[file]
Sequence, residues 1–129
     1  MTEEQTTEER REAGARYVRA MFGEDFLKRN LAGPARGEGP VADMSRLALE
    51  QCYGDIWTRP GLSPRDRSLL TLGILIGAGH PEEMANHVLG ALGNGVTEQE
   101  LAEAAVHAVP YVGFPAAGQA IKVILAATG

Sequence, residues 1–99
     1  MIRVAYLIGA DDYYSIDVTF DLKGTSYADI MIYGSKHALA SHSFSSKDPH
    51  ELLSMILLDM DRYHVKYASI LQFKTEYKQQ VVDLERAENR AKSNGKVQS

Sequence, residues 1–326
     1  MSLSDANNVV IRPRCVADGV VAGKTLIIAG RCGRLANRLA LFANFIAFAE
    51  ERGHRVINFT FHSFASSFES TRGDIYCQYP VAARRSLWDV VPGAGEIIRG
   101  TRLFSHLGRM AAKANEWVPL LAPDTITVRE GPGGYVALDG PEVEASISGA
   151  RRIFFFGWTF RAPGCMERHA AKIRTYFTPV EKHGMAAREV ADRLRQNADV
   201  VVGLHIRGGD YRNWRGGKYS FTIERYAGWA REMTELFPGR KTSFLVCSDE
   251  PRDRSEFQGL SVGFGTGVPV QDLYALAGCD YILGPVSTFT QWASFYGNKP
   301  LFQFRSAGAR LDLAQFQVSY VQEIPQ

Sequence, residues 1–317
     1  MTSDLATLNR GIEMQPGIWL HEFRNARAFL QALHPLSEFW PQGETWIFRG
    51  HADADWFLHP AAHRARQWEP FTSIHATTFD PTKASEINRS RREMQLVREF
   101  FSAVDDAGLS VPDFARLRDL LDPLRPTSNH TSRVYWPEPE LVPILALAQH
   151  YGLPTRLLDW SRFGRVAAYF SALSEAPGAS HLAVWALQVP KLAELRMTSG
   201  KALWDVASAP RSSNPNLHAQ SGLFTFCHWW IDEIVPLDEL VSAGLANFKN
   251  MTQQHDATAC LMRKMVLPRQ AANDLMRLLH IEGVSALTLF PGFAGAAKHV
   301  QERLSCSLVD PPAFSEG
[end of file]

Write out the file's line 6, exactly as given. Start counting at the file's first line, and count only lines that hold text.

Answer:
     1  MIRVAYLIGA DDYYSIDVTF DLKGTSYADI MIYGSKHALA SHSFSSKDPH